Use Caution with Ethanol

Use Caution with Ethanol
by SDC Staff Writer




It has been widely reported in magazines and the internet about the dangers of burning Ethanol Fuel in your boat engine.



Caution is the best word to live by. Ethanol is a solvent, degreaser, cleanser and antifreeze. Ethanol is also hydroscopic (absorbs water).

Consumer Reports® indicates that when it comes to Ethanol use in marine engines to read your manufacturers operations manual and pick up a fuel testing kit.


Engines that were manufactured before 2003 should not use fuel with Ethanol.


There are misconceptions that the greater the octane rating the fuel has the greater the horsepower. Octane ratings are only a measure of the fuel’s tendency to burn in a controlled manner. Rather than exploding in an uncontrolled manner. Where octane is raised by blending in Ethanol, energy content per volume is reduced.


Most engine manufacturers recommend using a minimum octane rating with a maximum of 10% Ethanol added. Some manufacturers will void their warranty if it is an alcohol related failure.


What does Ethanol do to your engine? Alcohol is incompatible with rubber and some plastics. They react and cause swelling and over time. Oxygen breaks down the carbon-carbon bonds causing parts to fail.


According to a report by Reuters news agency, Ethanol sales in the United States are expected to rise to 13.95 billion gallons in 2011. So the chances that your recreational engine will be exposed to Ethanol are almost inevitable.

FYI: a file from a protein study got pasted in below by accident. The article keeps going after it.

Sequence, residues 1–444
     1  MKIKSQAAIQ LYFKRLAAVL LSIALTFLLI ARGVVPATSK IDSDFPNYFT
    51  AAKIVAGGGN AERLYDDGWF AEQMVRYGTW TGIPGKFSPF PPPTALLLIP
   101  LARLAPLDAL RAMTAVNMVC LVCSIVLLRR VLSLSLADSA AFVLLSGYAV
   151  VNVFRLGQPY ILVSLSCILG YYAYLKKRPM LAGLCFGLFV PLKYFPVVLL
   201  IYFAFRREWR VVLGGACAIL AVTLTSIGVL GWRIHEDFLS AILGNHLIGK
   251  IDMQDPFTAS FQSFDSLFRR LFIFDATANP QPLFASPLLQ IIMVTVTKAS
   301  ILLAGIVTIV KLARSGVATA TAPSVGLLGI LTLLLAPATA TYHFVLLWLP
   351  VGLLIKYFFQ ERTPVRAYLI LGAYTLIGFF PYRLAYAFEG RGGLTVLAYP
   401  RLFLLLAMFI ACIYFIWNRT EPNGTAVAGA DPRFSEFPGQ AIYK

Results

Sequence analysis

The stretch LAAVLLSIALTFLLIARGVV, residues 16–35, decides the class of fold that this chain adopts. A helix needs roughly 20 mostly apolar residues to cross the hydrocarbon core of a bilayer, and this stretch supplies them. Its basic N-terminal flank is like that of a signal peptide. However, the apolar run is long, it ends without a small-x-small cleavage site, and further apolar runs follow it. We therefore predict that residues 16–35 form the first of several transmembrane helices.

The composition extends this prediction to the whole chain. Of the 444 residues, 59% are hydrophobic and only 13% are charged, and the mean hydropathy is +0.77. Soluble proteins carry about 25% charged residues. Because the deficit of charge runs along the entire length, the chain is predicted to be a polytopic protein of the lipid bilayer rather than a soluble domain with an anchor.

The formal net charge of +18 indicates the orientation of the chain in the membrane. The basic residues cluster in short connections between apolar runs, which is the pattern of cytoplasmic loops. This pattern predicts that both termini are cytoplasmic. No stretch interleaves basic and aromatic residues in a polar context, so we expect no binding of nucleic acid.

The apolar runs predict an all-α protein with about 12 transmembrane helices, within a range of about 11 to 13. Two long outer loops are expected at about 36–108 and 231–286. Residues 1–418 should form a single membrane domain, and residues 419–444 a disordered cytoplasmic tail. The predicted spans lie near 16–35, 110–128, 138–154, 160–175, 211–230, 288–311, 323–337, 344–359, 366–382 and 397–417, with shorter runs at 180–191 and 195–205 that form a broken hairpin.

The best defense is to educate yourself on available fuels in your area. Test kits will help you avoid possible costly damage due to Ethanol in your fuel.

What about additives? It gets very complicated. It would seem that there is no silver bullet out there yet. We recommend that you research the product before you use it.


New engines are manufactured with Ethanol in mind. Fuel systems are being built to withstand alcohol’s corrosive effects.

To help ensure a long and trouble free life to your recreational engine, read and follow the manufacturer’s suggestions. Make sure you store your engines properly. Check the recommendations on fuel additives and stabilizing agents.


Talk with your local dealer; they are a great resource for information. They can advise you on the proper care and maintenance of your recreational motor.


Staff Writer for See Dealer Cost™ your premier online source for marine, power sports and recreational vehicle research.